Originally created 05/17/99

Video Game makers' taste of fame

SAN RAFAEL, Calif. -- The realization of newfound power is paying off for many video game moguls of the millennium. They are frequently young, smart and rich, and some like to emulate the lives of their movie brethren with late-night parties and high-tech toys.

A recent after-hours bash at the Computer Game Developers' conference in San Jose, for example, possessed all the trappings of stereotypical Hollywood excess. The ubiquitous velvet rope. An aloof, muscular bouncer flipping through his clipboard, eyeballing the guest list. Teeming masses, desperate to get into the sweaty nightclub.

Those making their way inside were a cool clan of software developers and technical engineers who, once mocked as gear-heads, now are revered as digital deities. Among them was game developer John Romero, worshiped by "Quake" fans because he designed the top-selling series.

"Do you know who I am?" asked Romero, smiling slightly as colored disco lights danced across his black mane. "I am a god."

Egos abound in this landscape of toys and testosterone, where the people behind the games are gunning for the spotlight. Musician Tommy Tallarico, a cheeky self-promoter who writes soundtracks for software, is known for dressing up in animal-print suits and hiring strippers to disrobe at his speeches.

Yet for every Romero and Tallarico, there are hundreds of other developers shunning stardom. John Carmack, the programming genius behind the violent "Quake" series, is painfully shy. Higeru Miyamoto, creator of more than 60 Nintendo game titles that have brought the company billions in sales, is rarely recognized.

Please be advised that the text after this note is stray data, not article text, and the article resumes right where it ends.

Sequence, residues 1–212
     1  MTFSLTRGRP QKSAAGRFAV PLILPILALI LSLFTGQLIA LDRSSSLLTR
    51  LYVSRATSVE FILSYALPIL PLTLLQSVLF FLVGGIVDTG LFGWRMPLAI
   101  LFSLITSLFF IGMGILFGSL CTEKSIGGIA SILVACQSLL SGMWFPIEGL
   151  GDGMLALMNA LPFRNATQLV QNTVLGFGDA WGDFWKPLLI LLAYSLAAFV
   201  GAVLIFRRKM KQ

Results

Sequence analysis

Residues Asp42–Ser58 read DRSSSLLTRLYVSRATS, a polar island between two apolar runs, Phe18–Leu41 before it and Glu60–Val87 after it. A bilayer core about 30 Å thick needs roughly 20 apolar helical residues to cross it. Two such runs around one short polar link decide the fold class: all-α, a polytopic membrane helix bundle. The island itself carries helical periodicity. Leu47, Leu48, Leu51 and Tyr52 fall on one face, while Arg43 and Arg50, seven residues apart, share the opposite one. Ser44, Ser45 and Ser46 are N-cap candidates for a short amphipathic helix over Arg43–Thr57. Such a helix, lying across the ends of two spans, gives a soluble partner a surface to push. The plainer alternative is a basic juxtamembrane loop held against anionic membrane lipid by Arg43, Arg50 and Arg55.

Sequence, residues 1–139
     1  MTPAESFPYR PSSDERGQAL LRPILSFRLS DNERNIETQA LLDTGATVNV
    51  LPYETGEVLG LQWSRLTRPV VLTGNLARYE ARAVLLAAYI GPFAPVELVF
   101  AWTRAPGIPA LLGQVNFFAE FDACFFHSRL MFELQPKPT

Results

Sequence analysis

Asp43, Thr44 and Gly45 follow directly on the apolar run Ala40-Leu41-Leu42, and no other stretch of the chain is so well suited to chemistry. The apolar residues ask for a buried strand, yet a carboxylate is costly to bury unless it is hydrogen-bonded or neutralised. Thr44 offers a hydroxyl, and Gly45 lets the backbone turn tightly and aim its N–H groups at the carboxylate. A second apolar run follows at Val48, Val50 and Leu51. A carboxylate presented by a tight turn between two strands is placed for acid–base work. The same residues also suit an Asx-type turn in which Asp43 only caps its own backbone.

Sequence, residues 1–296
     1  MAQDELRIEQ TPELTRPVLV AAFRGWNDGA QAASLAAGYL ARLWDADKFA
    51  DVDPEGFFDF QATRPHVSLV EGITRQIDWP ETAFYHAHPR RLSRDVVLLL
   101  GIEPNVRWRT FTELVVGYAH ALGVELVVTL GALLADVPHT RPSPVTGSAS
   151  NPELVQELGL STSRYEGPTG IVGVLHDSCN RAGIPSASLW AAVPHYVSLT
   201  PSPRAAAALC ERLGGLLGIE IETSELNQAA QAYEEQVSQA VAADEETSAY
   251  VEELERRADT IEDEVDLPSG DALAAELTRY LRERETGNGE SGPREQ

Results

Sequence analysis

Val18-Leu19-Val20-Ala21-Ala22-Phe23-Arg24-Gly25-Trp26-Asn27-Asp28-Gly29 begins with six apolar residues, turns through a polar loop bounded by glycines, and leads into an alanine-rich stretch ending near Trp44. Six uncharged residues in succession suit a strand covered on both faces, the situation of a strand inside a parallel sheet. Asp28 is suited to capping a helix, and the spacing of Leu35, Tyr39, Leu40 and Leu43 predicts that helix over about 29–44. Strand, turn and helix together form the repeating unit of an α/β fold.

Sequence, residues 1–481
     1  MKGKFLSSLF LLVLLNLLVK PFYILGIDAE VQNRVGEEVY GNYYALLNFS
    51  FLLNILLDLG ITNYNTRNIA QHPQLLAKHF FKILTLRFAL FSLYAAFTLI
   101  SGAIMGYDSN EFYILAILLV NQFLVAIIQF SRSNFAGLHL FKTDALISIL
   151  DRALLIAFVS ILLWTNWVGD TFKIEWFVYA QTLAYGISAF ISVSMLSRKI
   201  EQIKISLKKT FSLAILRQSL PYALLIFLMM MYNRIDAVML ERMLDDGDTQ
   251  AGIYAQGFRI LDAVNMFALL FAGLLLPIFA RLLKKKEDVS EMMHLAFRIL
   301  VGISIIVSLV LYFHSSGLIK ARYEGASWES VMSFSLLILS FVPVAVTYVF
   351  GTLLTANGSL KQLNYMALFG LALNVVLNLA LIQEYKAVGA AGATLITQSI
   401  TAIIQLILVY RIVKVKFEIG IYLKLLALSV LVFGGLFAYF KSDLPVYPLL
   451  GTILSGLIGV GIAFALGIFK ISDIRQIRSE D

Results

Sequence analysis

"Bold or shy, no one wants to be perceived as a dork. It turns people off," said Cliff Blezinski, 24, a designer at Epic Games. "It's one thing to be known among gamers. But if the public knows who you are, you can demand a better deal with the game publishers."

Game developers work in teams, spending long hours in darkened rooms laboring on their titles. Publishers pay an upfront fee to developers, who receive a bonus if the game sells well and the publisher recoups its initial investment.

Cash incentives to make a successful game -- say, a $25,000 bonus when a game sells more than 200,000 copies -- are common. So are lucrative film licensing and merchandising deals.

But competition is fierce, say analysts, as about only 10 percent of the games released last year made a profit.


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